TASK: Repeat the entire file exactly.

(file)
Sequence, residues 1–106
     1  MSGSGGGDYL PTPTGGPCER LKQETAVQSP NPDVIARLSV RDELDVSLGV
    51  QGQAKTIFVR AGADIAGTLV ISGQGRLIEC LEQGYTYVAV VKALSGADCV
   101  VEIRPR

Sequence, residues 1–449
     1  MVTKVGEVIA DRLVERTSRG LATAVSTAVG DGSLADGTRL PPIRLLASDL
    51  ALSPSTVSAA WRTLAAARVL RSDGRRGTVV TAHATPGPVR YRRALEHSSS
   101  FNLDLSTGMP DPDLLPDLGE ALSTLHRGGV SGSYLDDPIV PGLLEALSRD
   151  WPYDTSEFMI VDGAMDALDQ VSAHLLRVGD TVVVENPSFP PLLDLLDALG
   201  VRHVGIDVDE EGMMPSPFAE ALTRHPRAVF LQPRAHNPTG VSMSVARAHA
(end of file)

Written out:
Sequence, residues 1–106
     1  MSGSGGGDYL PTPTGGPCER LKQETAVQSP NPDVIARLSV RDELDVSLGV
    51  QGQAKTIFVR AGADIAGTLV ISGQGRLIEC LEQGYTYVAV VKALSGADCV
   101  VEIRPR

Sequence, residues 1–449
     1  MVTKVGEVIA DRLVERTSRG LATAVSTAVG DGSLADGTRL PPIRLLASDL
    51  ALSPSTVSAA WRTLAAARVL RSDGRRGTVV TAHATPGPVR YRRALEHSSS
   101  FNLDLSTGMP DPDLLPDLGE ALSTLHRGGV SGSYLDDPIV PGLLEALSRD
   151  WPYDTSEFMI VDGAMDALDQ VSAHLLRVGD TVVVENPSFP PLLDLLDALG
   201  VRHVGIDVDE EGMMPSPFAE ALTRHPRAVF LQPRAHNPTG VSMSVARAHA